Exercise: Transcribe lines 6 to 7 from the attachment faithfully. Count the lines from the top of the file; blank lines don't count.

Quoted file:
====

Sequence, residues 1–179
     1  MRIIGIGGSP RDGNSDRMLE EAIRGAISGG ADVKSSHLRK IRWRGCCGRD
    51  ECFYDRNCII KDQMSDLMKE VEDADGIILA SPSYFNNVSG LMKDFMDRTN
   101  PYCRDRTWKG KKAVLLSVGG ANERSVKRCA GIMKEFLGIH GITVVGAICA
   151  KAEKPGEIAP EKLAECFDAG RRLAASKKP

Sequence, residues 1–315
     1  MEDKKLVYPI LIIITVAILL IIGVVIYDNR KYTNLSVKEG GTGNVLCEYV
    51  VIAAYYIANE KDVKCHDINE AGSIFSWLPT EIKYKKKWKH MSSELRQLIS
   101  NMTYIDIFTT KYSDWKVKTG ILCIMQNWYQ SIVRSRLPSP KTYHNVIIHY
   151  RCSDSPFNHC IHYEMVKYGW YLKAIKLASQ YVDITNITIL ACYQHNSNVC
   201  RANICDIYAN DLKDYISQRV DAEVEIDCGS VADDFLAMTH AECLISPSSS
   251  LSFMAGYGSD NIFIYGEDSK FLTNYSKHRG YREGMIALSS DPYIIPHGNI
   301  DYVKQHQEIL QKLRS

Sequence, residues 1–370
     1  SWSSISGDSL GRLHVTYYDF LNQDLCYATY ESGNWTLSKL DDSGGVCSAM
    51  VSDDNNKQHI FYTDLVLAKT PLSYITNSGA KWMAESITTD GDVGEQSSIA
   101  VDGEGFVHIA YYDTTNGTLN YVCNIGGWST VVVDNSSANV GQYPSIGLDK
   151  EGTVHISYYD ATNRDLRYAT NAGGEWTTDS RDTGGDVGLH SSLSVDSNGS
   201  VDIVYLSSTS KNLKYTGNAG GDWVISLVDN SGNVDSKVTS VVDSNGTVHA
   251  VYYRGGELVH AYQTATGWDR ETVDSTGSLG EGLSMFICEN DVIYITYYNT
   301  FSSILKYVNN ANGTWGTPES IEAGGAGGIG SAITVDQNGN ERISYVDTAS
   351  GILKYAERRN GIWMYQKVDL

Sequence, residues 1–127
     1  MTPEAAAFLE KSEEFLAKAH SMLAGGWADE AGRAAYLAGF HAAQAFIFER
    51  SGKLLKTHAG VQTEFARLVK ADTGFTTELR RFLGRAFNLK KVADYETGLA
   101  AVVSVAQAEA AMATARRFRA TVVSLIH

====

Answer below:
Sequence, residues 1–315
     1  MEDKKLVYPI LIIITVAILL IIGVVIYDNR KYTNLSVKEG GTGNVLCEYV